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4 note ratingReview of Music Lab

 

 

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usic Lab has all the right ideas for acclimating music students to ear training and notational exercises. If you have a microphone hooked up to your computer, you'll get the chance to match your voice to pitches, too, which is an important but often overlooked part of instrumentalists' music education. This review is based on the IBM-compatible DOS-based version 2.8, although there is a Macintosh version available for Quadra, Centris, SE/30, PowerMac, and most Performa models with a microphone. Windows users will find it inconvenient that Music Lab will not run from Windows' DOS prompt shell; you must close Windows altogether and run Music Lab from native DOS.

 

 

Once you do access the program, NAMES is a good place to start among the eight different menu items because you'll get acquainted with relative pitch. You'll have the chance to tune your ear to the tonic chord, after which a pitch (or two) plays for you to identify according to its name in solfege. Although Music Lab displays a tally at the end of these exercises as to how many correct answers you give within the minute(s), the program would be even more effective for ear training if it incorporated explicit and immediate feedback - to right and wrong answers - as students respond. The NOTES section contains similar exercises, with the added feature that students see the pitch in question notated in relation to the tonic chord. The ability to adjust the tempo at which pitches are played is an important feature which the manufacturer has incorporated throughout the program.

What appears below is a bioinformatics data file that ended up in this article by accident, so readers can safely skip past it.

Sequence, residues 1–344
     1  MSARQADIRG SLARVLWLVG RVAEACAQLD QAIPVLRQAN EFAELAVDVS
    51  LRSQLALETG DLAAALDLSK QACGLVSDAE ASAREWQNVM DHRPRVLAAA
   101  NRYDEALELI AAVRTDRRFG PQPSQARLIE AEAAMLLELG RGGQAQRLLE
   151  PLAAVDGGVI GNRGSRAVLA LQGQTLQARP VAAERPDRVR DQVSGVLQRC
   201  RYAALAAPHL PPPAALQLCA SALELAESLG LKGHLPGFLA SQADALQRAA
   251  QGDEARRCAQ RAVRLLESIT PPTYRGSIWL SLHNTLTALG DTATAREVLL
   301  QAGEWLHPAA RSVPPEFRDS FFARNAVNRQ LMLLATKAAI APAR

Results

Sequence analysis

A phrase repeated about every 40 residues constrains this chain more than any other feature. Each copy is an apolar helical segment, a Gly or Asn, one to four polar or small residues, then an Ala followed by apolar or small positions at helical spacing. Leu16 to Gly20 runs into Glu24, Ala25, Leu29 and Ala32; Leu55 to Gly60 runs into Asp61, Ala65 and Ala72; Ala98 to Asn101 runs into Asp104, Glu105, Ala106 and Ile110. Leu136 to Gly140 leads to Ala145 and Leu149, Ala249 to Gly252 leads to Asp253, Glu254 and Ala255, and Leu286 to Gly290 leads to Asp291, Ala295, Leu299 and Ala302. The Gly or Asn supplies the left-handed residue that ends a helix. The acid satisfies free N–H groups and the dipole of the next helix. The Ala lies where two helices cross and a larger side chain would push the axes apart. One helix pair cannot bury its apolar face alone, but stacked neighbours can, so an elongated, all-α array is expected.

PLAY exercises, where students tap rhythms of phrases notated on-screen, will be of particular interest to any music teacher who's ever pleaded with students to "Count!" in a piece. The program also contains an ECHO section where students tap rhythms by ear (without notation), and a WRITE section where the more finely trained ear is asked to replicate both pitch and rhythm.

The musicality of the exercises and graphical presentation of the program need to be improved in future versions of Music Lab. It would be more musical to use combinations of dotted rhythms and triplets, for instance, to increase the complexity of advanced rhythmic patterns rather than the unlikely combinations of notes and rests which are used. Graphics, while not material to function, should be used to greater advantage in such an interactive program where HELP info or tallies of scores could be presented with some fanfare.

All in all, however, music teachers will be pleased with the broad range of exercises Music Lab™ offers. The manufacturer has incorporated lab management and group assessment features into the software, which are detailed in an accompanying teacher's guide.

Amy Y. O'Grady

Music Lab, Version 2.8, $79 list price, Town4Kids, P.O. Box 144, Redmond, WA 98073-0144 . Phone: 425-869-6075 Fax: 425-869-6116. System Requirements: PC - IBM-compatible 286/386 (or newer) computer, sound card, microphone, hard disk, VGA or better graphics.; Macintosh - works with Quadra, Centris, SE/30, PowerMac, and most Performa models with a microphone.
 
 
 
 
 
Page created: 9/3/97
Last updated: 01/30/15
 
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